— This is the script of CNBC's news report for China's CCTV on April 7, Monday.
Welcome to the CNBC Business Daily.
The world's biggest election ever kicks off in India today...
It's a massive affair that will take place over 5 weeks, with the final results due May 16th.
The ruling Congress party will face off against the Hindu nationalist opposition, BJP... as over 814 million eligible voters cast their ballots.
This election broadly is going to be defined by 3 main economic issues: Rising Inflation, Fight Against Corruption and Affordable Housing.
What are the markets expecting from this elections?
Take a listen to what some of our analysts have to say.
[Taimur Baig, Chief Economist, Asia, Deutsche Bank] "A complex federal system like India needs a great deal of coalition building and consensus before imports and path breaking reforms can be implemented. I don't see this election outcome changing the course of that complexity or difficulty. The markets' patience will probably be tested in the second half of this year when it realized that despite an emphatic victory for the opposition, getting the economy revving again is going to take much longer than say 2014 or just a couple of quarters."
[Jim Walker, Founder & Managing Director, Asianomics] "When you look at Indian companies and what they face over time in terms of very high interest rates, high cost of capital... they make great returns on their investments in general. So there's lots of things to buy in India. You just need to get down and dusted and find out what they are."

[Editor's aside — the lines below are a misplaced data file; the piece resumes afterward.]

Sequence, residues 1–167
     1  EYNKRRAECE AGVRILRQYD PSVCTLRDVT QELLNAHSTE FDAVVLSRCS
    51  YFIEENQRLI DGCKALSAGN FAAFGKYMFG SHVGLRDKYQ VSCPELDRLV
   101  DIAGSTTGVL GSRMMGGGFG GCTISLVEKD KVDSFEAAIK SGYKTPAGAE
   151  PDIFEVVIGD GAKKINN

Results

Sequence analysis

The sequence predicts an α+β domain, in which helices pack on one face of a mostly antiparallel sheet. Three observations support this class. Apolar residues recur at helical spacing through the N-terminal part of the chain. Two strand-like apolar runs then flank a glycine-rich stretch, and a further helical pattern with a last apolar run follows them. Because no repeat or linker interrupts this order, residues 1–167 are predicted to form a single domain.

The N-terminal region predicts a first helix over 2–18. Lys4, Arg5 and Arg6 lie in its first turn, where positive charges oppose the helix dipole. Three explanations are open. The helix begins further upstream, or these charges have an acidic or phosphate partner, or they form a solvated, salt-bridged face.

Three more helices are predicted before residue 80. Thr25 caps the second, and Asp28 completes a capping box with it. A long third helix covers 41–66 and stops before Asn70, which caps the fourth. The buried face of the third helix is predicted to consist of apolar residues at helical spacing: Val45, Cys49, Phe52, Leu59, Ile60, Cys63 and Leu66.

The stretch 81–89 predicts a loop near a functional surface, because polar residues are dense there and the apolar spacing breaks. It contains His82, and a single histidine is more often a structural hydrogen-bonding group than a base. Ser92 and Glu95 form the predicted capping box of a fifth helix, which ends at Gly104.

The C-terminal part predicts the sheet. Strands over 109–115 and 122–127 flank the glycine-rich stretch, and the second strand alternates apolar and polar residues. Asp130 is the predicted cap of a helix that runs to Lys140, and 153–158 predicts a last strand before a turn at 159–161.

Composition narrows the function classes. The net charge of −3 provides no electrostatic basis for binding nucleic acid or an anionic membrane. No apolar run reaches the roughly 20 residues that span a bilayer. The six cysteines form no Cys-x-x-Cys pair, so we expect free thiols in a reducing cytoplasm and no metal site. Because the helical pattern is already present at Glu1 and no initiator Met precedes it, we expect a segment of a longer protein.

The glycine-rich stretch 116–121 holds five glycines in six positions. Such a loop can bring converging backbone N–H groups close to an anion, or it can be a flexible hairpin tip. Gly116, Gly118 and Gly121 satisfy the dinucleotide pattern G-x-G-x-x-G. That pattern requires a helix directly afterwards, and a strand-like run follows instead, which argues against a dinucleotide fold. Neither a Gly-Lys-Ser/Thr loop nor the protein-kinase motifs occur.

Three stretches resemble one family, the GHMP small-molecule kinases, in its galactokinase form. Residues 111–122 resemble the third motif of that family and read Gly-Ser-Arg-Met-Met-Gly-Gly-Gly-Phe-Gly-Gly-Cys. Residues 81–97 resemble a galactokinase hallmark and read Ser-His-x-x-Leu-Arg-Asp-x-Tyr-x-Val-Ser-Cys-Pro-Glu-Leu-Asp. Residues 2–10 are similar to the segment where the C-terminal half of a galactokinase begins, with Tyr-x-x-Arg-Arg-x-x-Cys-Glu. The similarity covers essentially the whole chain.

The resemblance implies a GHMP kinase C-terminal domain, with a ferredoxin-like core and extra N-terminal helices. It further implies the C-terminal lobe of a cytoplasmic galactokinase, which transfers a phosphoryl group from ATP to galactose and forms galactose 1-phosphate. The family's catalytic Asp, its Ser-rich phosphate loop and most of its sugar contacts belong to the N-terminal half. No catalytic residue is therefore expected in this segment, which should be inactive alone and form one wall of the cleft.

[Adi Godrej, Chairman, Godrej Group] "The BJP-led coalition would be very growth oriented. They have always believed in lower rates of taxes. They've already announced that they would try and resolve some of the retrospective tax issues which has affected foreign direct investments into India. They, I think will take quicker decisions in implementations of programs. I think they're trying some solutions to the problems where the bureaucrats are not taking decisions as they are worried about future action against them if they did take decisions. So some of these problems which are quite obvious, I think they may come up with good solutions to it."
[Chetan Ahya, Chief Asia Economist, Morgan Stanley] "You need to address some of the macro-stability issues, which is like current account deficit, inflation and the banking system stability issues. So we call it financial stability issues. And then the second thing is about reviving growth, for which you need a really big capex cycle. So winning the first part is going to be possible for them to do, whoever the new government - the BJP or the congress. It's really the second part that's going to be difficult."
And that wraps up this edition of the Business Daily.
I'm Julia Wood, reporting from CNBC's Asian headquarters.